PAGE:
A large number of vehicles enter the Colombo city on weekdays. People have to waste their valuable time spent on heavy traffic congestion every day. According to an analysis of the Motor Traffic Department (RMV), the registration of vehicles is improving rapidly. As a result, road space availability reduces and the congestion will increase unfortunately. There are specific locations which are the common spots for this issue such as Kaduwela to Malabe, Battaramulla, Rajagiriya, Borella, Maradana, Pettah, Peliyagoda, Wattala, Dehiwala, Nugegoda, Thunmulla, Baseline Road, etc. In these locations the commuters have to spend more time and more fuel. Two years ago in 2010 there was a rapid increase in both ownership of cars and other private vehicles because of the tax cut by government. According to the RMV, vehicle registration rose by 10 % (in 2010) to 31 % (in 2011), because of this tax reduction. Registration of three wheelers increased by 39.96% from 83,114 in 2010 to 138,436 in 2011, motor cycles by 11.72% from 204,811 to 232,120, motor car registrations rose by 60.14% from 23,072 to 57,887. Normally European countries use car-free days to reduce emission, traffic congestion and fuel consumption. As Sri Lankans we can also organize our own car-free days.

Way forward

First, we need to organize some surveys to find out the most congested areas. From these we can find out areas where we can implement car-free days successfully. We have to organize them successfully because if one car- free day gives a wrong impression, people will definitely restrict the change towards a car-free society. A government body should be there to govern all these steps, because there should be legal authority to organize these kinds of events. When implementing this concept, it is important to give some ‘moral boosters’ to the people who are normally reluctant to change. We can arrange some shops and cafeterias in the area, where this car-free day takes place. In some locations, we can design children parks or flower gardens, where people can move leisurely. Advertising is another important activity in implementing the car-free days in Sri Lanka. It is an effective way of informing people. TV advertisements, banners, handouts can spread this concept in the society. We can organize special campaigns to educate young crowd including university students, about this new concept. This way we can make this a success.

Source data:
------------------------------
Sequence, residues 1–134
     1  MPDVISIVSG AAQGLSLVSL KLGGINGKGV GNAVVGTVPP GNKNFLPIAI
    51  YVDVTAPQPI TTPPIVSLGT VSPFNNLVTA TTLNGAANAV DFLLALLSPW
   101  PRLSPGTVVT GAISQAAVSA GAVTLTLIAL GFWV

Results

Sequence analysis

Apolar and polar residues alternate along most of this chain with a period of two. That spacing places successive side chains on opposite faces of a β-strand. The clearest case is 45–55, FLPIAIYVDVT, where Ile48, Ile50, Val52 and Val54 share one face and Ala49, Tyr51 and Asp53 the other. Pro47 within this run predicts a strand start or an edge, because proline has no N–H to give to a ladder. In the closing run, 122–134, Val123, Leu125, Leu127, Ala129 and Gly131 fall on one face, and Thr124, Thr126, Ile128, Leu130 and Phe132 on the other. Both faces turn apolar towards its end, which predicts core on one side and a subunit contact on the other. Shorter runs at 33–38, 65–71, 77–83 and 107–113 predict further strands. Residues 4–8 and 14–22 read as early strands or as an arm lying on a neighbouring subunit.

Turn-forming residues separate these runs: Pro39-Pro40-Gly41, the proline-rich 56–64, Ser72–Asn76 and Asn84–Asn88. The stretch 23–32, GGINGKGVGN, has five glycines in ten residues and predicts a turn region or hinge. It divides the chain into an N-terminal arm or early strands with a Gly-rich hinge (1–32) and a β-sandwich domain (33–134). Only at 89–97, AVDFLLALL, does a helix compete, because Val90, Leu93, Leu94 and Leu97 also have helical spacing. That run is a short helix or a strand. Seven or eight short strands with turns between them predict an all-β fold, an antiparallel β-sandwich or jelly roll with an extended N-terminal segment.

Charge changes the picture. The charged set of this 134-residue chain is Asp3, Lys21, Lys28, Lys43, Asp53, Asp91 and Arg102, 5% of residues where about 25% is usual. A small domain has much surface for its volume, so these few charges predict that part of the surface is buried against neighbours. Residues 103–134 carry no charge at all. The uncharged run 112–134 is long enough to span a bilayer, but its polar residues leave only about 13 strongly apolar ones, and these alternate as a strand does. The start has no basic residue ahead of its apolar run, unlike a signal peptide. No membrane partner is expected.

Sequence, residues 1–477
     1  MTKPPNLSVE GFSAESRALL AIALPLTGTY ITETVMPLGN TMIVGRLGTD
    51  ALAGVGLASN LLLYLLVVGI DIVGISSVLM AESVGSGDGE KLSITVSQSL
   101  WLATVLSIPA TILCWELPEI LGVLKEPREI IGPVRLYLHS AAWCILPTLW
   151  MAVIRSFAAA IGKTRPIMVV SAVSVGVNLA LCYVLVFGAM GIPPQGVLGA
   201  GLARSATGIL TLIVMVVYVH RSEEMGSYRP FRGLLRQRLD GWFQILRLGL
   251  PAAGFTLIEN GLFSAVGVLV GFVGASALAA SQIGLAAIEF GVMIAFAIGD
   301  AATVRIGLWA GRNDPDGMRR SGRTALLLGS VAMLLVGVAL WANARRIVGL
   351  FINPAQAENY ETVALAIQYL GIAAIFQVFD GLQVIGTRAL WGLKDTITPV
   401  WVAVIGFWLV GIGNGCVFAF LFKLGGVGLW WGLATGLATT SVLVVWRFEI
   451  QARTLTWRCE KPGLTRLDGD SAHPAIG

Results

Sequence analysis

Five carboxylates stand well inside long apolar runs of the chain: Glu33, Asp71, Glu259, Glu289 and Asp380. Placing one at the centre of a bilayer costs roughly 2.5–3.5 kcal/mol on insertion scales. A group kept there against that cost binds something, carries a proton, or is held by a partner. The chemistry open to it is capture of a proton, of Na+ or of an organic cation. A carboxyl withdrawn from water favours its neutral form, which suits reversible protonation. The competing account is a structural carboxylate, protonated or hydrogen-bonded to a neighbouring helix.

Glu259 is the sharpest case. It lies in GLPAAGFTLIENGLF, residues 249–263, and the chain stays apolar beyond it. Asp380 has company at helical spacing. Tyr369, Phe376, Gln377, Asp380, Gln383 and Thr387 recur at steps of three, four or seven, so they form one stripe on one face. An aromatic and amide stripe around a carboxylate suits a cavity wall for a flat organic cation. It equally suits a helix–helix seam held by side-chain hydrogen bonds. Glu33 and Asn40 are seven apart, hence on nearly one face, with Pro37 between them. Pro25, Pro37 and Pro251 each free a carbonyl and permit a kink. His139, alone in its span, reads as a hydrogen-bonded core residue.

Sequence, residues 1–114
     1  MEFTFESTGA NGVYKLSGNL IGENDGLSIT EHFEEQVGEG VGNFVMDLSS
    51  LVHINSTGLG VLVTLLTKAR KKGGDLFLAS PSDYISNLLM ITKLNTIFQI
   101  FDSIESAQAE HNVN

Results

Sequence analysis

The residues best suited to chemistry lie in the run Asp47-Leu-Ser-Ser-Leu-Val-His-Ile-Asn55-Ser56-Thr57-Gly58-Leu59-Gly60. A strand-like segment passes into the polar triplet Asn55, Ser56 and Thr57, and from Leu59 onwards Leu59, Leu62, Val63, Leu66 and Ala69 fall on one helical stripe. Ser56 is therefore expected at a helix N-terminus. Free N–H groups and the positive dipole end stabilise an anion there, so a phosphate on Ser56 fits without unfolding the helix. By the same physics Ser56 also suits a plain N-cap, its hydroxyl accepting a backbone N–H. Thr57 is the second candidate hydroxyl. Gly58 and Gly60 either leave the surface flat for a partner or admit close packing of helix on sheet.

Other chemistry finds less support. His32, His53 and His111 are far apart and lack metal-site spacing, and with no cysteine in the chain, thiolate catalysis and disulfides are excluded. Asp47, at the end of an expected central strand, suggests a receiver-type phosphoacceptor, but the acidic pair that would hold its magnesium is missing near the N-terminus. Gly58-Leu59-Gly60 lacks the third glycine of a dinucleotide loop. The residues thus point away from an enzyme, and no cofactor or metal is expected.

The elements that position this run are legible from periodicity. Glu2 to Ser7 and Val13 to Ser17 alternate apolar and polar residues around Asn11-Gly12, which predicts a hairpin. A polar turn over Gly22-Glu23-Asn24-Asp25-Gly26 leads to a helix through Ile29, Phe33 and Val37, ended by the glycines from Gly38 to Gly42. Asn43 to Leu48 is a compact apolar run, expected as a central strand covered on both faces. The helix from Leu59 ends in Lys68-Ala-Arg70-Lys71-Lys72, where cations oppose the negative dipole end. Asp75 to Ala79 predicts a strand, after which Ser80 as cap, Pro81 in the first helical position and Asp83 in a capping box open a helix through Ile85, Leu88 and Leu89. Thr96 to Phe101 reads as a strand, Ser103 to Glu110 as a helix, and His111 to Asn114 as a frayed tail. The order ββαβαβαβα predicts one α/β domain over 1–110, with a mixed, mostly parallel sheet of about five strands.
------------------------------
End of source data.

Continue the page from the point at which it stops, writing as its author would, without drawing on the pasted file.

Some issues